Some indications of limits to framing the policy preferences of the civically engaged: Interplay of social capital, race attitudes, and social justice frames
AbstractOur experiment, which tested support for a hypothetical social welfare program, found that the civically engaged as a whole were resistant to social justice framing employing universalistic versus particularistic standards. We suggest the lack of a framing effect was due to the use of a preexisting, shared "symbolic racism" frame. Social justice framing did succeed for those whose attitudes toward symbolic racism were ambivalent or neutral. Other factors including sex, income level, political participation, and ideology significantly influenced choice. These results provide some indications of limits to experimental framing of policy preferences of the civically engaged in their institutional settings.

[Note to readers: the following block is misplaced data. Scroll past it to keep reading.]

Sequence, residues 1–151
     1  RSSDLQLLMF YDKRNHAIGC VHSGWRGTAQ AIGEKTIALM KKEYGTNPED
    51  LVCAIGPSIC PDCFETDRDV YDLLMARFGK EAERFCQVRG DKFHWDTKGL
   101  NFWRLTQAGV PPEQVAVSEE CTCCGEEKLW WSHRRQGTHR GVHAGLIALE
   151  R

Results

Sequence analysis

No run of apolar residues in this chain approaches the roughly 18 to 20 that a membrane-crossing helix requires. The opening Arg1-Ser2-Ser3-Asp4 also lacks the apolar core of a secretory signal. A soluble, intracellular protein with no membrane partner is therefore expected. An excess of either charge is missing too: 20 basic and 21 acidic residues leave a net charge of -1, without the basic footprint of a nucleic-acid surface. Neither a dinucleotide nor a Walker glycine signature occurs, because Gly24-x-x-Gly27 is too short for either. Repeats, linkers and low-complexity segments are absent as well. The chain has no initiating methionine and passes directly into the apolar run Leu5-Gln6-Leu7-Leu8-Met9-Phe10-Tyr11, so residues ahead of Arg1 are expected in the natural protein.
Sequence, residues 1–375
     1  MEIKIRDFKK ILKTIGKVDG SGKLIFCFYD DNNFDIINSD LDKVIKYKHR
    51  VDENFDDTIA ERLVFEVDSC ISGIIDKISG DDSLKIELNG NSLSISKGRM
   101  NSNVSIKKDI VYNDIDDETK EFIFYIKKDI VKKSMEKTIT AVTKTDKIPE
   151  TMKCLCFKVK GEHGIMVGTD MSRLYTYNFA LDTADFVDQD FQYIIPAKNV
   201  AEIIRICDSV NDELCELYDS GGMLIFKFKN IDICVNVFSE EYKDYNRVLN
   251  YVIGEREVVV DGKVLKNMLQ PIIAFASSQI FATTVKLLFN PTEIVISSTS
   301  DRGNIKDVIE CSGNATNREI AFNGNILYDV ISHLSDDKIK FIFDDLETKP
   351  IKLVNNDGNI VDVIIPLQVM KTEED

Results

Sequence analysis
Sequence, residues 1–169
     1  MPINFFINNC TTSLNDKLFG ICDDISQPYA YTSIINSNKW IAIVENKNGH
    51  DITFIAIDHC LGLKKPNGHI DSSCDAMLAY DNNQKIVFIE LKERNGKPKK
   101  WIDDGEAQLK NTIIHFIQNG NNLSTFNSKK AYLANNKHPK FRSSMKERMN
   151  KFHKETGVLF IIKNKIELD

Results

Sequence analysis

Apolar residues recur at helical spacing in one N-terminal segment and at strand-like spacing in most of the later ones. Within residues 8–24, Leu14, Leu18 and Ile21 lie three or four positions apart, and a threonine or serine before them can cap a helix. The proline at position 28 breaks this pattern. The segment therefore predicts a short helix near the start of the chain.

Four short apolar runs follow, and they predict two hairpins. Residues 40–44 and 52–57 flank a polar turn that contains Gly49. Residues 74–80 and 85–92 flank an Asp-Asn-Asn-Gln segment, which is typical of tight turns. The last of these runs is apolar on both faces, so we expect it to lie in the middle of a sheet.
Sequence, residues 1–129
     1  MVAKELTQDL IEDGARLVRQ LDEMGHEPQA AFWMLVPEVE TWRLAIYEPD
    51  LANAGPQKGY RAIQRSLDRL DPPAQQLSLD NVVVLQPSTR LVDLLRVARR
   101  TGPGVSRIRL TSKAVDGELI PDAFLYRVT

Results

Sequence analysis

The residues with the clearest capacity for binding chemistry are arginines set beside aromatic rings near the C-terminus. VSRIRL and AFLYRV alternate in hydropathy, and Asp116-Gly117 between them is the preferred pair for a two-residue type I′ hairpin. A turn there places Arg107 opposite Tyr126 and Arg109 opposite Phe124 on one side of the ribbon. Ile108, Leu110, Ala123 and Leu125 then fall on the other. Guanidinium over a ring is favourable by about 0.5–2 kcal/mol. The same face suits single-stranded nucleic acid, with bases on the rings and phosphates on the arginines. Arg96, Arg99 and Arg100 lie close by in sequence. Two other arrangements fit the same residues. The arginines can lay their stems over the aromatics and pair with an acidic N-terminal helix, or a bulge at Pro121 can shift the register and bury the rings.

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Bibliographic InfoArticle provided by Elsevier in its journal Journal of Behavioral and Experimental Economics (formerly The Journal of Socio-Economics).
Volume (Year): 38 (2009)
Issue (Month): 1 (January)
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Web page: http://www.elsevier.com/locate/inca/620175
Limits to framing Civic engagement Social capital Welfare programs Symbolic racism;
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